Safety tips for senior outdoor activities
Along with consulting a doctor before beginning any new activity, important tips for outdoor exercisers include: 22
- Carry ID and emergency contact information, a small amount of cash and a cell phone.
- Remain alert. Don’t talk on the phone and keep headphone/earbud volume low.
- Be visible. Wear light or brightly colored clothing during the day and reflective material at night.
- Wear sturdy shoes that provide appropriate footing for the location and activity, to reduce the risk of falls.
- Choose routes that are populated and well-lit, with places to stop and sit when necessary.
Be aware of traffic:
- Walk during daylight hours.
- Face oncoming traffic.
- Walk on a sidewalk or path whenever possible, and look for a smooth, stable surface to reduce exposure to tripping hazards.
- Cross streets at crosswalks or intersections and pay attention to traffic signals.
- Never assume oncoming drivers will stop.
- Consider city parks that offer trails protected from vehicle traffic.
In hot weather:
- Drink plenty of liquids, like water and fruit juice. Avoid caffeine and alcohol.
- Wear light-colored, loose-fitting clothes made of natural, breathable fabrics.
- Wear layers so clothing can be removed as body temperature increases.
- Know the signs of heat stroke and get medical help if necessary.
In cold weather:
- Watch out for snow and ice that my make terrain treacherous.
- Warm up the muscles first.
- Wear several layers of loose clothing to trap heat.
- Wear a waterproof coat, as well as a hat, scarf and gloves.
- Know the signs of hypothermia and get medical help if necessary.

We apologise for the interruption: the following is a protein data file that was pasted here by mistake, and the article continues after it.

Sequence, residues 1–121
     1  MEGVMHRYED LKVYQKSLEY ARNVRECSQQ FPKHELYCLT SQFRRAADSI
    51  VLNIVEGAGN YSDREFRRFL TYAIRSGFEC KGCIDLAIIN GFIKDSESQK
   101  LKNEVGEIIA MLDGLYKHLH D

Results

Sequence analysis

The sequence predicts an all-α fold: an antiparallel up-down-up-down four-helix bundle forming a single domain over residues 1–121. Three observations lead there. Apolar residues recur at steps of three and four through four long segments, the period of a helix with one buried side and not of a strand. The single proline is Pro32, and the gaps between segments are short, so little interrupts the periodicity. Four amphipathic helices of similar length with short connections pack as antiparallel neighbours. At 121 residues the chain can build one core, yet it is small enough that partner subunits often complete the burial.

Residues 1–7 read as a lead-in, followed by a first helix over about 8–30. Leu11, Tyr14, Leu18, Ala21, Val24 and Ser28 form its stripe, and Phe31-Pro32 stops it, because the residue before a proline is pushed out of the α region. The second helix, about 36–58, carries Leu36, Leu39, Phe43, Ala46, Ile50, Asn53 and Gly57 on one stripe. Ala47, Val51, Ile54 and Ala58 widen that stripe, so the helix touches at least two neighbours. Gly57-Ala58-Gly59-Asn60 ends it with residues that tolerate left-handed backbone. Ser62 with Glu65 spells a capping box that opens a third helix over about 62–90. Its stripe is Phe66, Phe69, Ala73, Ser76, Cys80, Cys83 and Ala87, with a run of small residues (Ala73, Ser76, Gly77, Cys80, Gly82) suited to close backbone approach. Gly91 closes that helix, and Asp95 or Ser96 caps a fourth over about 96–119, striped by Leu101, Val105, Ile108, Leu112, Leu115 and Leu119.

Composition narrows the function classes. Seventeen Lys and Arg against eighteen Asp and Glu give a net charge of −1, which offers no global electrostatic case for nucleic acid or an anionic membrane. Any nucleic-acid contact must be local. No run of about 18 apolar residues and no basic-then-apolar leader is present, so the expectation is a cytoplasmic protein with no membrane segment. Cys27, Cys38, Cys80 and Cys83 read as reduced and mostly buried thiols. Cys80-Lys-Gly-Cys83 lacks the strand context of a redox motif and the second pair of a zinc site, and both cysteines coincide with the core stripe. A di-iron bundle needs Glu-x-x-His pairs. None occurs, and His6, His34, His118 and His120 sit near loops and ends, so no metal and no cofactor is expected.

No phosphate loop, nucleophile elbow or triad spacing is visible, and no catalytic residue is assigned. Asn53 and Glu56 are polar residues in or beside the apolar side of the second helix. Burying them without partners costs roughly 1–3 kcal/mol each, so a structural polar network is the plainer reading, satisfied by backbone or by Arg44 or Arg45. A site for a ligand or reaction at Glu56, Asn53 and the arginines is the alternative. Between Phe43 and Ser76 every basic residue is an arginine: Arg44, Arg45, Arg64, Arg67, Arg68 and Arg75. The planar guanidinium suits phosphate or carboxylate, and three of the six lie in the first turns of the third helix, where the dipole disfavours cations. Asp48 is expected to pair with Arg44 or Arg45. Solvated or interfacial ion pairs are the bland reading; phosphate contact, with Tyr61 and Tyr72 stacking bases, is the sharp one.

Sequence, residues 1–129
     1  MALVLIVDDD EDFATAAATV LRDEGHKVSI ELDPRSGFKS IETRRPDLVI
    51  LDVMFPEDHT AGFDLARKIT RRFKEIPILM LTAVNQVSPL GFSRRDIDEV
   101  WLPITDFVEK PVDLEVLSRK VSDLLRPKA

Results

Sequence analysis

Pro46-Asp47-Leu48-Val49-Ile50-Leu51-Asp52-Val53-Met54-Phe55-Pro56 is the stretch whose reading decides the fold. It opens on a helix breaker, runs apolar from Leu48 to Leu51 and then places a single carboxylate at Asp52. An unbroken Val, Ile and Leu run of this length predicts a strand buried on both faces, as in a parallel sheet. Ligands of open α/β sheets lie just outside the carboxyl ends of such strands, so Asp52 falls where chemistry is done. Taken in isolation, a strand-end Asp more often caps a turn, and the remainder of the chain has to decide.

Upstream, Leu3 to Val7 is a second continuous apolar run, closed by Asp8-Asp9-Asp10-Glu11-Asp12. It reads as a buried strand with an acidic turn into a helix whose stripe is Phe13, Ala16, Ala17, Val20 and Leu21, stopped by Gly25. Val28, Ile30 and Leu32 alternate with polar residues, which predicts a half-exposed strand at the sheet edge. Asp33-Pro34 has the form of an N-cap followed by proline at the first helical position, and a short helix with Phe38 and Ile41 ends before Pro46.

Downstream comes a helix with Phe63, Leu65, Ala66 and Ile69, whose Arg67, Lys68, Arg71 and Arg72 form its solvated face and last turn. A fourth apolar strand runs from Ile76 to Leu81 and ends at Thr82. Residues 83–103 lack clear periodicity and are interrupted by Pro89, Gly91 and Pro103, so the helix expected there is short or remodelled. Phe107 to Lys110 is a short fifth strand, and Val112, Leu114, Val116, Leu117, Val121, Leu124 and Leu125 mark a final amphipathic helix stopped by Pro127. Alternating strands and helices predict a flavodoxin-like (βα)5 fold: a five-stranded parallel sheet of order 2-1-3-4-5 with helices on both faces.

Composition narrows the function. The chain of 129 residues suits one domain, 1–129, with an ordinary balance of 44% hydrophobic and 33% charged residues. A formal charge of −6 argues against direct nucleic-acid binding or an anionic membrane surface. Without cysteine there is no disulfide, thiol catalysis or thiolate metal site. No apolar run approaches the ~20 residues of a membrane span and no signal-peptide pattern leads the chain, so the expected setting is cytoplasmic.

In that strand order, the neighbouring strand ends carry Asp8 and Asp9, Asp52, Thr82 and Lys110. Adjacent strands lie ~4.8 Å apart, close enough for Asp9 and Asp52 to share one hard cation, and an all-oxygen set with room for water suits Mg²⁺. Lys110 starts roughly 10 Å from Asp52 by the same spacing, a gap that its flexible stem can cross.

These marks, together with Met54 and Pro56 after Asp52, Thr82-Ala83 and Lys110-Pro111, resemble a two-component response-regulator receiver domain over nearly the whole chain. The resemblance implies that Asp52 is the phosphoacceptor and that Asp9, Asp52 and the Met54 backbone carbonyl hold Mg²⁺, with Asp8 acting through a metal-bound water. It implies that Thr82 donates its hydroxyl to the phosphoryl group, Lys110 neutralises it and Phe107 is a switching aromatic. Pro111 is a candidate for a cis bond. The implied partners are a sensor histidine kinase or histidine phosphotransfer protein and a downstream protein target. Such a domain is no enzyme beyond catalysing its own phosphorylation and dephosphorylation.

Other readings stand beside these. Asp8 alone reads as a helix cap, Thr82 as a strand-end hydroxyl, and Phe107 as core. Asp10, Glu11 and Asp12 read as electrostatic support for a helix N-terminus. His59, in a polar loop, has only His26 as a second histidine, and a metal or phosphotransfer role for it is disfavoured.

Whether exercising or not, prioritize everyday contact with nature. Simply sitting in a park or even tending to a windowsill garden may improve mental well-being. While exercise is important, and exercising outdoors is ideal, simply being outdoors at some point most days may increase quality of life for seniors.23
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1Sarah Hubbart, “Enjoy the Health Benefits of Outdoors at Any Age,” NEEF, last accessed October 19, 2022.
2Hubbart, “Enjoy the Health Benefits of Outdoors at Any Age.”
3Hubbart, “Enjoy the Health Benefits of Outdoors at Any Age.”
4Hubbart, “Enjoy the Health Benefits of Outdoors at Any Age.”
5Hubbart, “Enjoy the Health Benefits of Outdoors at Any Age.”
6Hubbart, “Enjoy the Health Benefits of Outdoors at Any Age.”
7Hubbart, “Enjoy the Health Benefits of Outdoors at Any Age.”
8Carmelita Swiner, “Health Benefits of Getting Outside,” WebMD, last accessed October 19, 2022.
9Swiner, “Health Benefits of Getting Outside.”
10Swiner, “Health Benefits of Getting Outside.”
11Michael W. Smith, “Safe Outdoor Exercises for Older Adults,” WebMD, last accessed October 19, 2022.
12Rachel Tavel, “A Guide To The Best Exercises For Seniors,” Forbes Health, last accessed October 19, 2022.
13Smith, “Safe Outdoor Exercises for Older Adults.”
14Tavel, “A Guide To The Best Exercises For Seniors.”
15Smith, “Safe Outdoor Exercises for Older Adults.”
16Smith, “Safe Outdoor Exercises for Older Adults.”
17Smith, “Safe Outdoor Exercises for Older Adults.”
18Smith, “Safe Outdoor Exercises for Older Adults.”
19Smith, “Safe Outdoor Exercises for Older Adults.”
20Hubbart, “Enjoy the Benefits of Outdoors at Any Age.”
21Swiner, “Health Benefits of Getting Outside.”
22“Safety Tips for Exercising Outdoors for Older Adults, “National Institute on Aging, last accessed October 2022.
23Hubbart, “Enjoy the Health Benefits of Outdoors at Any Age.”
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Consult your doctor before beginning any new diet or exercise regimen.